# Tension of rope

haruspex
Homework Helper
Gold Member
2020 Award
View attachment 91592

the ans is 10N after cut the 5N right rope...huhu near but still cannot get the ans
After a rope is cut, the system is no longer stable. There will be an acceleration. The forces in the vertical direction will no longer balance.
You need to consider which way that acceleration will be and apply ##\Sigma F=0## at right angles to it.

After a rope is cut, the system is no longer stable. There will be an acceleration. The forces in the vertical direction will no longer balance.
You need to consider which way that acceleration will be and apply ##\Sigma F=0## at right angles to it.
if one of the ropes have been cut, it mean the object just hang VERTICALLY with one rope with 10sin(60)N load on it.Is it my assumption is correct?

it mean all the calculation in step 25 not require especially step 2 &3 ???

haruspex
Homework Helper
Gold Member
2020 Award
if one of the ropes have been cut, it mean the object just hang VERTICALLY with one rope with 10sin(60)N load on it.Is it my assumption is correct?
Not immediately. Although the question does not make it completely clear, I am very confident that you are supposed to find the tension in the remaining rope the instant after one rope is cut. You can take the remaining rope and the mass as being in exactly the same positions as before, and, for the instant, stationary. But now there is a nonzero acceleration.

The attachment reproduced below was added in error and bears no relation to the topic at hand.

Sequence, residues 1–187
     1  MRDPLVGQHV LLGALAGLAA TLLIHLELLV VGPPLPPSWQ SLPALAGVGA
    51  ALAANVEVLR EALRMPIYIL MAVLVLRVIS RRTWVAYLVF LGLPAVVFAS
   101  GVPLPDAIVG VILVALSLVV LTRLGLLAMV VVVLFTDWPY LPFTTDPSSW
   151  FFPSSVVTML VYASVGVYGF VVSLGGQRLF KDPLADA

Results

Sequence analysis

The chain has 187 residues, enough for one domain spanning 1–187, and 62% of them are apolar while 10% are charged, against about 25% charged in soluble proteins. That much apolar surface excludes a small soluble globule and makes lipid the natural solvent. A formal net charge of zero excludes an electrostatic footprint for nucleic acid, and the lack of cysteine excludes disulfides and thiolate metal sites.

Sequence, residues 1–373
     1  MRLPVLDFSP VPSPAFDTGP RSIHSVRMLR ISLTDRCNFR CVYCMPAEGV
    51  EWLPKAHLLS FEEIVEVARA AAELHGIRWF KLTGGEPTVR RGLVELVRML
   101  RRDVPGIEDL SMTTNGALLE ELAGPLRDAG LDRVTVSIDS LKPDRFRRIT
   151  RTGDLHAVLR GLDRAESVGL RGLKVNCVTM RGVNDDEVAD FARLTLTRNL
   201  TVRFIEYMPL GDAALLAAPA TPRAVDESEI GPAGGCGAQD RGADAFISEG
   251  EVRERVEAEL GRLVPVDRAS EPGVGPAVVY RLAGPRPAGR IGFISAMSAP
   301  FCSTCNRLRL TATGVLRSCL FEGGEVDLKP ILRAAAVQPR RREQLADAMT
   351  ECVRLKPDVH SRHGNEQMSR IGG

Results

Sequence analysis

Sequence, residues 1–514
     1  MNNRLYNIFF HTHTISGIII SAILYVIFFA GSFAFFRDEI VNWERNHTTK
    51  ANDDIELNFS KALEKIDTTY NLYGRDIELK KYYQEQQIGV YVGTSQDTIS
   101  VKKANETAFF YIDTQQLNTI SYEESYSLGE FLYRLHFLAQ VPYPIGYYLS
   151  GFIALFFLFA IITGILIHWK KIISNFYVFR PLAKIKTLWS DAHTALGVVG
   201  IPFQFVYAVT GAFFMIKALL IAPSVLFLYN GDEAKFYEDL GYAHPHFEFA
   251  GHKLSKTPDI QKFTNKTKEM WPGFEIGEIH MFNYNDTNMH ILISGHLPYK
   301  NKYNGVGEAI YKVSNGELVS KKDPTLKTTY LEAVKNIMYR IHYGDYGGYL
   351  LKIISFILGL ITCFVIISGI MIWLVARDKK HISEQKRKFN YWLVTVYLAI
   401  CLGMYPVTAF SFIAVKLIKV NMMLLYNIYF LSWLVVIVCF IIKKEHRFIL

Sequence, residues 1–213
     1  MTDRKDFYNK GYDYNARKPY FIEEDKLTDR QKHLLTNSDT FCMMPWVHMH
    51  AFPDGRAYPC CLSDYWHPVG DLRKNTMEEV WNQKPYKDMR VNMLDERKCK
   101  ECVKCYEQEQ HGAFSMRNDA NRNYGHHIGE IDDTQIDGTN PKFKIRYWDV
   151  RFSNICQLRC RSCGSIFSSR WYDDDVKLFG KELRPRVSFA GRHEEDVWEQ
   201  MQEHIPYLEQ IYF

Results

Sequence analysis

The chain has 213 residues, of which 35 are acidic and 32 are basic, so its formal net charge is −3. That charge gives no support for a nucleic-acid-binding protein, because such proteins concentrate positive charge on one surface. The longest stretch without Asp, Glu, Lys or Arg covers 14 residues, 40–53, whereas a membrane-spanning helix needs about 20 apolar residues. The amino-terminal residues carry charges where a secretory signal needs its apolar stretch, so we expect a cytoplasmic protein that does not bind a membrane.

Which way will the mass accelerate?

• stuc
Not immediately. Although the question does not make it completely clear, I am very confident that you are supposed to find the tension in the remaining rope the instant after one rope is cut. You can take the remaining rope and the mass as being in exactly the same positions as before, and, for the instant, stationary. But now there is a nonzero acceleration.
Which way will the mass accelerate?

Do you mean the answer is wrong (Given ans: 5N)..i still stuck

haruspex
Homework Helper
Gold Member
2020 Award
Do you mean the answer is wrong (Given ans: 5N)..i still stuck
Yes, it's wrong. (That would be the right answer if the angle were 45 degrees.)
You have established that the weight is 10sin(60) N. Draw a free body diagram, exactly like the original diagram, but with only one rope.
So the rope is still at 60 degrees to the horizontal.
Let the tension in the rope be T. You know the weight, and hence the mass. The tension and the weight are the only forces acting, agreed?
Which way will the mass accelerate?
What can you therefore say about the forces orthogonal to that direction?

• stuc
Yes, it's wrong. (That would be the right answer if the angle were 45 degrees.)
You have established that the weight is 10sin(60) N. Draw a free body diagram, exactly like the original diagram, but with only one rope.
So the rope is still at 60 degrees to the horizontal.
Let the tension in the rope be T. You know the weight, and hence the mass. The tension and the weight are the only forces acting, agreed?
Which way will the mass accelerate?
What can you therefore say about the forces orthogonal to that direction?

thank you very much for your guide..i will try your idea. i hope you have time to check it

thank you very much for your guide..i will try your idea. i hope you have time to check it
Yes, it's wrong. (That would be the right answer if the angle were 45 degrees.)
You have established that the weight is 10sin(60) N. Draw a free body diagram, exactly like the original diagram, but with only one rope.
So the rope is still at 60 degrees to the horizontal.
Let the tension in the rope be T. You know the weight, and hence the mass. The tension and the weight are the only forces acting, agreed?
Which way will the mass accelerate?
What can you therefore say about the forces orthogonal to that direction? dear haruspex ... is it like this???

haruspex